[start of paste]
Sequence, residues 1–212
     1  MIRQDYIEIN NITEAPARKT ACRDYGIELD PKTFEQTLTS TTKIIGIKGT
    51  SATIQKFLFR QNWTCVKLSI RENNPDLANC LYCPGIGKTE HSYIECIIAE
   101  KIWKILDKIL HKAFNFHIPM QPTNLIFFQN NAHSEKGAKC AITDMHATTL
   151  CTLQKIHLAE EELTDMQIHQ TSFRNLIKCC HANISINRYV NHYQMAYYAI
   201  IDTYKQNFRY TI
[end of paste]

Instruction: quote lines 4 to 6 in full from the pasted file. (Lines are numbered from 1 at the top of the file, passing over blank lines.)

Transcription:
   101  KIWKILDKIL HKAFNFHIPM QPTNLIFFQN NAHSEKGAKC AITDMHATTL
   151  CTLQKIHLAE EELTDMQIHQ TSFRNLIKCC HANISINRYV NHYQMAYYAI
   201  IDTYKQNFRY TI